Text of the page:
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Sunday Prayer

Almighty God, who showest to those who are in error the light of Thy truth, to the intent that they may return into the way of righteousness; Grant unto all those who are admitted into the fellowship of Christ’s Religion, that they may avoid those things that are contrary to their profession, and follow all such things as are agreeable to the same; through our Lord Jesus Christ.  Amen.

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Some of the folks over at Prydain have asked nicely that I post my messages on an upcoming series on holiness.  That’s a really nice request but it makes my head grow fat and light.  Fortunately I have 4 kids, a wife and a church who will pop that bubble first chance they get and probably without even making an effort or knowing that they did it.

Ok, I’ll honor the request, but I wish to say caveat emptor.

I read great preachers, I’m not one of them.  Some of the messages at Prydain and other places humble me with how well the Scripture is handled.  I never think I’m in that category.  To paraphrase, Cap’t Barbossa in the movie, Pirates of the Caribbean, “I’m but a simple pastor.”

Second, due to the size of the messages I generally preach here (25-35 minutes), I will post an executive summary of the messages.  These are the Sunday evening messages.  Much of the message is significantly context sensitive to our own ministry milieu.  I’ll try to eliminate most of that context sensitive material and give the five-ten minute version on this site.  In seminary, I was taught to be prepared for emergencies or the unexpected the require shrinking the message down to the basic points with each point getting only a paragraph or two.  That is what I will try to accomplish here.

A fair notice: Because these are the Sunday evening messages, there will not be a Sunday evening service on Mother’s Day.  I thus, avoid the bullet for another year of having to choose between my wife and my ministry.  Not that there would be much debate.  I have long preferred the reddish blond, Irish lass over other distractions.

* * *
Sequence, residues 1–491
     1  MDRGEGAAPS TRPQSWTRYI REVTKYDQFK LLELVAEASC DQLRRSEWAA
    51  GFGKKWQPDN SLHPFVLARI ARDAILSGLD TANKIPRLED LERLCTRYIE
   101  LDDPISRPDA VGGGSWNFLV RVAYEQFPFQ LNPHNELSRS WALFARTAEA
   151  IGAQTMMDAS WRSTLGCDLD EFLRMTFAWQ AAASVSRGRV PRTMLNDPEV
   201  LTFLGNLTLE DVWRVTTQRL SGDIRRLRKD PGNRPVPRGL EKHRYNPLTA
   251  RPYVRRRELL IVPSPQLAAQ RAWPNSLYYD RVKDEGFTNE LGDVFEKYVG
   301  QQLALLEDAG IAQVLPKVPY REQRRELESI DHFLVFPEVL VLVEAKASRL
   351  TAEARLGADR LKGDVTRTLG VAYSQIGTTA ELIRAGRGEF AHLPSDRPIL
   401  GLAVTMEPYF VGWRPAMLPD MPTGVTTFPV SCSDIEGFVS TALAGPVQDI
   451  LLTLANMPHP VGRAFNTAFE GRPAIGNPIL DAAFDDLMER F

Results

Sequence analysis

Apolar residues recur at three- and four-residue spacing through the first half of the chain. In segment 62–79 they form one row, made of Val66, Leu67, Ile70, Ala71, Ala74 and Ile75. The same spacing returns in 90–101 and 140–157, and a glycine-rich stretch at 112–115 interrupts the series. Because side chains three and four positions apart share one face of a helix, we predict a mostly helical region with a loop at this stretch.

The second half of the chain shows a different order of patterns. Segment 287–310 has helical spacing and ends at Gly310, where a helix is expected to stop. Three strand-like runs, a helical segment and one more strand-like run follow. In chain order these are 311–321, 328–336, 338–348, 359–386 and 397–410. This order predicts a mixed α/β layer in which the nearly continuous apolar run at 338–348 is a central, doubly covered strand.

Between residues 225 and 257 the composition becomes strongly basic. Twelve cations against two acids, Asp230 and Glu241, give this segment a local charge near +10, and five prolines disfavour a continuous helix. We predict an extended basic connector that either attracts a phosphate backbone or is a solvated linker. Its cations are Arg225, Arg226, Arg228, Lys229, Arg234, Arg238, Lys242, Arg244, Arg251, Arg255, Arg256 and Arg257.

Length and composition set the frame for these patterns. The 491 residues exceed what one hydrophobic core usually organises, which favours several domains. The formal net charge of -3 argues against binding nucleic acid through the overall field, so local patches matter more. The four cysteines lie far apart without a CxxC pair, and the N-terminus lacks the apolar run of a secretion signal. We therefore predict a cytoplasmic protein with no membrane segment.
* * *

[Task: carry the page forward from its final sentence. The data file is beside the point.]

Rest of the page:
However, Father’s Day is still up in the air.  I’ll be surprised if that service gets cancelled, but my vote is already in for honoring the dads in the same way as the moms.  But our congregation doesn’t have enough dads as heads of their households to make the point.  So the issue might be moot.

The series is titled, “Life, Liberty and the Pursuit of Holiness.”  I admit to ripping off the American Declaration of Independence, even though I’m not preaching to Americans.  Or is it John Locke that I’m ripping off, I can’t remember, but I’m not preaching to a church of British, either.  It comes from a couple of sources and some of my personal convictions about the Christian life.  The main sources are Scripture (duh!), Jerry Bridges’ classic book, The Pursuit of Holiness and J.C. Ryle’s work, Holiness.

My convictions stem from a belief that true, real life is only found as we are connected to the Vine, Jesus Christ.  Life is found in receiving God’s forgiveness offered through Jesus’ atoning work on the Cross and life-giving resurrection three days later.

Forgiveness of sins brings freedom from sin’s power in our lives.  It would be hell on earth if we were forgiven of our sins and then thrown back into the devil’s den and told to live perfect lives without the power of sin being cancelled and destroyed in our lives. We can be confident that the same power that raised Jesus Christ from the dead has crushed sin’s power in our lives.

Such life and liberty offer us the opportunity to pursue the holiness God calls us to live.  He says, “Be holy, for I am holy.”  It can only happen as we receive new life in Christ, and freedom from sin’s mighty power.  The command is real.  God expects us to live holy lives, fully alive in Christ and free from the corrosive power of sin. Hopefully, and with God’s grace, we’ll discover how that can happen.

Look for the messages to be posted here on Monday evenings or early Tuesday mornings.  See ya then.